Carriers including Verizon Communications Inc. didn’t follow their own procedures for backup power and system design, causing 911 emergency-calling service to fail for more than 2 million people after storms last June, U.S. regulators said.
Federal Communications Commission Chairman Julius Genachowski, in an e-mailed statement accompanying an agency report issued today, said he will seek rules to strengthen 911 service.
“These failures are unacceptable and the FCC will do whatever is necessary to ensure the reliability of 911,” Genachowski said, without announcing a date for agency action.
Emergency calls were disrupted in parts of six states after storms with powerful winds, called derechos, hammered the eastern U.S. on June 29, knocking out commercial power.
In Fairfax County, Virginia, almost 1,900 calls to 911 weren’t routed to emergency operators in a 29-hour period after backup generators failed at a Verizon office, according to a report today from the FCC’s Public Safety and Homeland Security Bureau.
The FCC may consider stronger backup-power requirements for central telephone offices, more tests of 911 circuits, and better designs so a single point of failure doesn’t cripple wide areas of service, according to the report.
“Too many of us were left without communications and could not reach 911,” Jessica Rosenworcel, an FCC commissioner, said in an e-mailed statement. “We have a duty to find out what went wrong and to apply those lessons to make our networks more resilient.”
The agency’s report traced a cascading series of failures after generators didn’t work properly in two Verizon offices in Washington’s northern Virginia suburbs, cutting 911 service in four jurisdictions. Fairfax County resorted to a Twitter message the morning of June 30 telling its 1.1 million residents to “go to the nearest police or fire station to report emergencies,” according to a county report submitted to the FCC in August.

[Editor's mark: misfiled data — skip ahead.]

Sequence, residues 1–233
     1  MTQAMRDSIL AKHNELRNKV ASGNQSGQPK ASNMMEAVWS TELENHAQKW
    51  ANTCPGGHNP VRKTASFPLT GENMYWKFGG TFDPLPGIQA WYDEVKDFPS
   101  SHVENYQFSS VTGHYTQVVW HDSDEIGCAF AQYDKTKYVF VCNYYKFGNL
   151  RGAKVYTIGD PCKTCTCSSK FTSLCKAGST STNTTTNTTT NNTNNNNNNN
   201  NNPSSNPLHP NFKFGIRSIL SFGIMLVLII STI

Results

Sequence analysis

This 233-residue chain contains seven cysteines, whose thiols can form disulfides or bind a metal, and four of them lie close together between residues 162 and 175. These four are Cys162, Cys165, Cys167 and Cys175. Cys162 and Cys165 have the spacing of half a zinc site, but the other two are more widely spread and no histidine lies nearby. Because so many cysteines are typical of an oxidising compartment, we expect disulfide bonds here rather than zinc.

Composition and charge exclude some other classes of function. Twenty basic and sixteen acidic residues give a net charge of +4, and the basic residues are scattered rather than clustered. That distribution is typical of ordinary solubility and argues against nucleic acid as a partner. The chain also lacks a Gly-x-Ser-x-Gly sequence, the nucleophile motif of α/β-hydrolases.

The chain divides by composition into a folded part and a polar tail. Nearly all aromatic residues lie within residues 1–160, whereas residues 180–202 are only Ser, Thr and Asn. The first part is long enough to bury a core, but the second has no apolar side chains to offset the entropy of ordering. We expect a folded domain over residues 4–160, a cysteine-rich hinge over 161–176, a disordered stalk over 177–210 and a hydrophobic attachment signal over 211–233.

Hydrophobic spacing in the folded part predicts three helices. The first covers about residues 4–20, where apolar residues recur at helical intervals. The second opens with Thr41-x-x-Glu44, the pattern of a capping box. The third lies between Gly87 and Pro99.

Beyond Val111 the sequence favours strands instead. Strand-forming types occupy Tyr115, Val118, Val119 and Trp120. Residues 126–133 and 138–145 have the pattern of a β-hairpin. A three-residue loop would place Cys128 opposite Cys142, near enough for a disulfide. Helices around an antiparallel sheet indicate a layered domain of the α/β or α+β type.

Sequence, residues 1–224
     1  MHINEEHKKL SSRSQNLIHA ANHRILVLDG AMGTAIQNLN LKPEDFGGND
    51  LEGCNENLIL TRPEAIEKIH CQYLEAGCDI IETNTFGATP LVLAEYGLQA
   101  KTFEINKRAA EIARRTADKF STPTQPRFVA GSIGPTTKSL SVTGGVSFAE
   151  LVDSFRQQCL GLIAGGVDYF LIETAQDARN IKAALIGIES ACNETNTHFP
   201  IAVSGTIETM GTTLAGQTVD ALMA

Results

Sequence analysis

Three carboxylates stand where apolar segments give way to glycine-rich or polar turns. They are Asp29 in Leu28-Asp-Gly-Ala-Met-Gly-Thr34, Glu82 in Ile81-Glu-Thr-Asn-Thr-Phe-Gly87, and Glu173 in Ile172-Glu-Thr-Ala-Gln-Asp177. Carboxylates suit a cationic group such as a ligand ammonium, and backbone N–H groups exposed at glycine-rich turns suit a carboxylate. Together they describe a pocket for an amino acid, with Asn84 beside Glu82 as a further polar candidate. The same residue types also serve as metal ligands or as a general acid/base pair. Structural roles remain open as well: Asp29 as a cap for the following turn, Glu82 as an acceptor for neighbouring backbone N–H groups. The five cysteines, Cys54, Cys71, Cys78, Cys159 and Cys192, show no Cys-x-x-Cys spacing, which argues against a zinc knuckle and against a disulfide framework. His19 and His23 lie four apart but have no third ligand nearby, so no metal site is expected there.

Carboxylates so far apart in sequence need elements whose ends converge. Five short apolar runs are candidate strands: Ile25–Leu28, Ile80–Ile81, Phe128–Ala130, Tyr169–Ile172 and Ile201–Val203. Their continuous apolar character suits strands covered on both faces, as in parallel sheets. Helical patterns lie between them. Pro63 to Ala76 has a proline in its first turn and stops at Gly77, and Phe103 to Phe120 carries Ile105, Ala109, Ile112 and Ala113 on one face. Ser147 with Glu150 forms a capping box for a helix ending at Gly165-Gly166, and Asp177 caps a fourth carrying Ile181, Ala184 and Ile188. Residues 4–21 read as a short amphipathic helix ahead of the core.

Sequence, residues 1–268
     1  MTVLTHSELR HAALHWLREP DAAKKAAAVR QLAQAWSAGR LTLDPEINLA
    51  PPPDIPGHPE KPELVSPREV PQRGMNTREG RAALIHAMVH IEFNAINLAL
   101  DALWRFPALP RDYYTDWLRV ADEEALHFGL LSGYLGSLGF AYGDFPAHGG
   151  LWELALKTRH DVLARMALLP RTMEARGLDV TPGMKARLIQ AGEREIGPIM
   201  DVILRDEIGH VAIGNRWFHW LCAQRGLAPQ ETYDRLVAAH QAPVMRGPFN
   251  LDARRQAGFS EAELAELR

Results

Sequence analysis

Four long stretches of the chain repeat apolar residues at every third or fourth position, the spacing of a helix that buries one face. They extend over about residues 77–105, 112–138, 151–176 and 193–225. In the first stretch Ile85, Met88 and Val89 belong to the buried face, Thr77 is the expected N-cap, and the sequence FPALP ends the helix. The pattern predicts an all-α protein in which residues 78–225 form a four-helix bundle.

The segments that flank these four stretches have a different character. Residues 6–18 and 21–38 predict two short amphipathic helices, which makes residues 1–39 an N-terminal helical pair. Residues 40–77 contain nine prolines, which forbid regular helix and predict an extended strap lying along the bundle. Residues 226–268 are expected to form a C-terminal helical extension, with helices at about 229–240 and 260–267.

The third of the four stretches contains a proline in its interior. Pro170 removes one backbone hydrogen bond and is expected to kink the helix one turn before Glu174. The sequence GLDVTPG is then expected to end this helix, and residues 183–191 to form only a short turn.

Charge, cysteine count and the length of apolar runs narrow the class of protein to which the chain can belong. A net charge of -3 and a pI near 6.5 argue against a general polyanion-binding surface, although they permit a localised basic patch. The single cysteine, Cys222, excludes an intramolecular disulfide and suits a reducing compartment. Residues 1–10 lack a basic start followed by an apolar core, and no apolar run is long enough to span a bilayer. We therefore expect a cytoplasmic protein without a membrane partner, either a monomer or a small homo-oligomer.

Seventeen public-safety call centers serving more than 2 million people in three states failed entirely, and some 911 service, such as location identification, was lost at 77 call centers in six states serving 3.6 million people, according to the FCC report.
New York-based Verizon has corrected the cause of the generator problems in northern Virginia, Anthony Melone, Verizon executive vice president and chief technology officer, said in an e-mail today.
“We have acted diligently and decisively to resolve the operational and communications issues that arose,” Melone said. “Our performance during Hurricane Sandy in late October demonstrated the substantial progress we’ve made.”
June’s storms caused greater havoc on emergency calls than Hurricane Sandy, which left most 911 services intact, according to the FCC.
Hurricane Sandy knocked out mobile service in parts of 10 states and the District of Columbia, generating fresh questions about ways to keep wireless networks working when disasters hit. Telephone companies went to court and blocked backup power rules for mobile phone sites that the FCC proposed in 2007, after Hurricane Katrina struck New Orleans.
In today’s report, the FCC didn’t propose backup power for wireless telephone service. The agency has set a hearing on Sandy outages for Feb. 5 in Manhattan and Hoboken, New Jersey.
Areas suffering 911 disruptions after the June storms included West Virginia, where service is provided by Frontier Communications Corp., and Ohio, where service is provided by Frontier, AT&T Inc. and CenturyLink Inc., the FCC said.
Since the storm, Frontier has invested in its network to improve disaster preparedness and will “carefully study” the FCC’s report, Executive Vice President Kathleen Abernathy said in a statement released on Business Wire by the Stamford, Connecticut-based carrier.
Verizon generators in northern Virginia didn’t start automatically when power failed and may not have been properly maintained, according to a preliminary report by the Virginia State Corporation Commission, a state regulator.
In the report, the state agency’s staff said the “unprecedented” 911 system failures shouldn’t have happened.
Loss of 911 service didn’t cause catastrophic consequences for anybody in northern Virginia, according to the state report.